Sorry but you are just incorrect. I pride myself in researching the truth and accepting it for what it is but as much as I respect O Sensei, His religious beliefs were definitely NOT compatible with any version of classic and orthodox Christianity in the mainstream for the last 2000 years.
I don't have the authority to say that they are compatible in every particular, nor did I. But then, on the other hand, neither has anyone else made such a determination as a general matter. It is quite literally an open question with suggestive things to discuss. Prejudgment has no place in religion or in any other aspect of life.
Jose Garcia wrote:
Some of the things he taught and believed were in fact true but the fundamental things he held to were not compatible with Christian teaching that accepts the basis of classical historic Christianity.
In addition to Aikido training, O Sensei's root practice (his daily observance) was Chinkon Kishin. It means "calm the spirit, return to the Divine." Chinkon Kishin incoporates martial techniques of spiritual significance as well as kotodama.

If O Sensei understood his cosmology in terms of the Divine Logos (which he expressly did), how is Chinkon Kishin and the practice of kotodama anything but oriented toward "SU" "the Word," the Saving Name - "I AM"?? In it essentials, it is Christ-oriented, when observed from a Christian perpsective. It therefore cannot be condemned out of hand. That understanding is at least at the level of the God-fearers in the early Church who associated themselves with synagogues thorughout the Greco-Roman world and who formed the ready corps of Gentile converts to Christianity.
Jose Garcia wrote:
Again, I respect your right to make the connections you did and your Christianity may be sufficiently diluted to accept fully all of O Sensei's belief system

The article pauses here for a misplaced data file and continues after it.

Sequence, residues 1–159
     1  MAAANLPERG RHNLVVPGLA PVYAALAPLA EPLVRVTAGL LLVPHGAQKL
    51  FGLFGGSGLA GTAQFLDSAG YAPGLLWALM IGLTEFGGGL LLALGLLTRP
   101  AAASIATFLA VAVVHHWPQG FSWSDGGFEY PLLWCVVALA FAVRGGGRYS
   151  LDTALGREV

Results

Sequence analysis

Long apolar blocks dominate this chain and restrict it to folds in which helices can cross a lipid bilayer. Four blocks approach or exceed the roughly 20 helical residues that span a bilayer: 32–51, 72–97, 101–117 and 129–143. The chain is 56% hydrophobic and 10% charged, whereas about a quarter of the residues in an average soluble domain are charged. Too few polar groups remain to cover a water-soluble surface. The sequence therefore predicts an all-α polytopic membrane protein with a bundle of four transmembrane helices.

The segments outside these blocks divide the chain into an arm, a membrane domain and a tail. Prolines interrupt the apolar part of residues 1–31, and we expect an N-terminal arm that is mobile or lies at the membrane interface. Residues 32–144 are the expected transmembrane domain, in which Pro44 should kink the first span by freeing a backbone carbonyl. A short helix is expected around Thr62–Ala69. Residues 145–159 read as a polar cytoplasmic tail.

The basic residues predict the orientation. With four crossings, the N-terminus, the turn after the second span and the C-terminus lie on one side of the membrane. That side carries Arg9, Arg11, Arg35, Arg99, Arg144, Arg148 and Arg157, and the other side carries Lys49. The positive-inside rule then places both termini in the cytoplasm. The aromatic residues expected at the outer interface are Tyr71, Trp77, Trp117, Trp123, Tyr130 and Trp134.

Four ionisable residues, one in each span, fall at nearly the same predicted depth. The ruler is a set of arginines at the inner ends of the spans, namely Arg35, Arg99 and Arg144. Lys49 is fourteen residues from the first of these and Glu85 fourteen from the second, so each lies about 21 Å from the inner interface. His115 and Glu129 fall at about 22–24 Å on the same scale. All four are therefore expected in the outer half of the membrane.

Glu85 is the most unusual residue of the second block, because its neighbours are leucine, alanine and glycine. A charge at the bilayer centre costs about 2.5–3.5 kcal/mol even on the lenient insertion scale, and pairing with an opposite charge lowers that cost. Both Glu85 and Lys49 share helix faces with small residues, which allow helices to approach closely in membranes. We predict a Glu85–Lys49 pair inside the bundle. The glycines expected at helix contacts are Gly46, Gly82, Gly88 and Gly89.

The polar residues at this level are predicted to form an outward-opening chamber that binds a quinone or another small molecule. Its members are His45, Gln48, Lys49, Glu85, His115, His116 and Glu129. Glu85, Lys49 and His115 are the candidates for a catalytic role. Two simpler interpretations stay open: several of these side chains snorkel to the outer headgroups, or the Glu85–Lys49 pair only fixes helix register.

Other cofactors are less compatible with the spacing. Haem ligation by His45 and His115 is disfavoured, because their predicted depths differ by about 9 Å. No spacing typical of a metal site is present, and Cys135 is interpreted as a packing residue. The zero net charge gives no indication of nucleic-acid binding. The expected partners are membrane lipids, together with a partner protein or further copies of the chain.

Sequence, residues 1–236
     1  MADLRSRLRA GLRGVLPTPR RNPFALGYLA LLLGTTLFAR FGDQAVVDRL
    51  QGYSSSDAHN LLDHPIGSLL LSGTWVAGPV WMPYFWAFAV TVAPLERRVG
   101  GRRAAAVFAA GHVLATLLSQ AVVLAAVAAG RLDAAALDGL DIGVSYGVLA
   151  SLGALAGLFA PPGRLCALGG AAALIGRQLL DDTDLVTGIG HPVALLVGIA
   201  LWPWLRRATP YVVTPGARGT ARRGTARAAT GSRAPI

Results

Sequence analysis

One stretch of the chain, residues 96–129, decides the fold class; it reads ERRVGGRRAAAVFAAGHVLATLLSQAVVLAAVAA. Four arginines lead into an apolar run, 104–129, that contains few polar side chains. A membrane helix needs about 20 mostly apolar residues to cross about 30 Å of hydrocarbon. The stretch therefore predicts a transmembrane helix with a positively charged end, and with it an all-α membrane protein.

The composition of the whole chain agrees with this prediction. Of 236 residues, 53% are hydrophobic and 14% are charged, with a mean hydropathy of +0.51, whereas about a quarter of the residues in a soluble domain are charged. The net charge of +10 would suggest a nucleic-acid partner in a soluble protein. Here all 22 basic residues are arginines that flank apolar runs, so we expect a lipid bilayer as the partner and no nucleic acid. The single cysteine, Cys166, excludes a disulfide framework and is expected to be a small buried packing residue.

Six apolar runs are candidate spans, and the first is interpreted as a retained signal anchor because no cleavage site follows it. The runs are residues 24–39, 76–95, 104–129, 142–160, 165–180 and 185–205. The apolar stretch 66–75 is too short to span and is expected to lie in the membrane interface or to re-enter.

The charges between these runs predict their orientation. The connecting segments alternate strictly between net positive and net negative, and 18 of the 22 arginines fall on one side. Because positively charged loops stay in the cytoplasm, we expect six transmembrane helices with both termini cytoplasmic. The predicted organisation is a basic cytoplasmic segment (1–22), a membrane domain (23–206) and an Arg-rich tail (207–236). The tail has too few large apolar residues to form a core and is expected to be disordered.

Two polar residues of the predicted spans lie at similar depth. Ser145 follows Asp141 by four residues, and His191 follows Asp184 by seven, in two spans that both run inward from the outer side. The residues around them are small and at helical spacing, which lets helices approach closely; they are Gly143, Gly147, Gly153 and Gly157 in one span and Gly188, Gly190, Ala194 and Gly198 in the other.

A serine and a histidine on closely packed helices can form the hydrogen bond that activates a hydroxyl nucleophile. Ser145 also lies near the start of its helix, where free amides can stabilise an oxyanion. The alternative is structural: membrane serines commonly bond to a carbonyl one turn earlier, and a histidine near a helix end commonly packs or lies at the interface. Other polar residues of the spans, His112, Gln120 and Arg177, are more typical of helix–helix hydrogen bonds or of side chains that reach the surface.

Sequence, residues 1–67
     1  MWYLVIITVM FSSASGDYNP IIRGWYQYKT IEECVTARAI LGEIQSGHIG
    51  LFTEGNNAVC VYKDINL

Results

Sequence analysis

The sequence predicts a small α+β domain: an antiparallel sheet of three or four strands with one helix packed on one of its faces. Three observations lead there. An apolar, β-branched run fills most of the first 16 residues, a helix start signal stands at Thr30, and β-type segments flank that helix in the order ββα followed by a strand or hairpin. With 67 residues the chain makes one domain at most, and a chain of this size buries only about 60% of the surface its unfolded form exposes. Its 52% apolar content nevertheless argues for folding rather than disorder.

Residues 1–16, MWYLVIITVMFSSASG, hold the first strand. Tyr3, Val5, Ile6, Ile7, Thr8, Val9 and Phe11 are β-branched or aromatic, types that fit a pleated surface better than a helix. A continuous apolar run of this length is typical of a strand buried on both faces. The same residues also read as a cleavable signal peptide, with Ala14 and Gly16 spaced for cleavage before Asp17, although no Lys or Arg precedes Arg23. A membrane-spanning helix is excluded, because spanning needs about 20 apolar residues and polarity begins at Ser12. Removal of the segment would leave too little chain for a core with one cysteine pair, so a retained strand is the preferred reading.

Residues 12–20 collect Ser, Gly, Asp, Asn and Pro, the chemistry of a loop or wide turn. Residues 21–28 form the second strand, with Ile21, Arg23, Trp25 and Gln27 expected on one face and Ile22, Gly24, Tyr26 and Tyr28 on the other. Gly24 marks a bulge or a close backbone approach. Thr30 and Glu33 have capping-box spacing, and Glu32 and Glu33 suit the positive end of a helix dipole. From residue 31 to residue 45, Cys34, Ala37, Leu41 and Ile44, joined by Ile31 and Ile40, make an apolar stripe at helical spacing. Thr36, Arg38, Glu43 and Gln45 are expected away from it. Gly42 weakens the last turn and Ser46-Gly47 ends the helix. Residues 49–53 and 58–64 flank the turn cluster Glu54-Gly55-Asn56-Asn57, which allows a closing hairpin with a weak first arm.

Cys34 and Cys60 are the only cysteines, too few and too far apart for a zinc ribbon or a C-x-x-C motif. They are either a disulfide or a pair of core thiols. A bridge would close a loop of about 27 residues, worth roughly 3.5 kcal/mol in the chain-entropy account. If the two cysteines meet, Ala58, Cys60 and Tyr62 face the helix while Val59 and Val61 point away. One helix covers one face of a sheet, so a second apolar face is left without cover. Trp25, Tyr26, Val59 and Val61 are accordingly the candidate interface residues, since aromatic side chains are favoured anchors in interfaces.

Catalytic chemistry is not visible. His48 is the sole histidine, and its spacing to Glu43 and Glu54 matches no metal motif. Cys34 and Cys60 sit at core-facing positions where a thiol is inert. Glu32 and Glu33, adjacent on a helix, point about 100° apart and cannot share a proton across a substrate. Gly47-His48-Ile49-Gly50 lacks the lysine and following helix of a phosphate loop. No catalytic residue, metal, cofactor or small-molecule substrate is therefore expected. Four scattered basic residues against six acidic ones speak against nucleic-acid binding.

It isn't and I didn't, especially not in the way you mean. The care that I put into my statements is a reflection of both my openness to the creativity of the Spirit working in the world and my deep respect for orthodoxy and the need for stabilizing authority. They are never really at odds. You really should read Chesterton's book by that title - "Orthodoxy."
Jose Garcia wrote:
... it still differs substantially from all of the sources you cited without question or debate from all the important and credible sources. I would have loved to correct you point by point but I'm sure it wouldn't chnange you and you won't change me so it's wisdom to call the truce now bow out here because I don't want this discussion to degenerate into a religious argument.
I anticipated that you, or someone from your perpsective, might like to try to correct me, which is why I laid the invitation on the table. As long as we do not depart (and we have not) from the "sprirt of gentleness" counseled by both St. Paul and O Sensei, what's the problem with religious debate in reference to Aikido -- given the topic at hand?


Erick Mead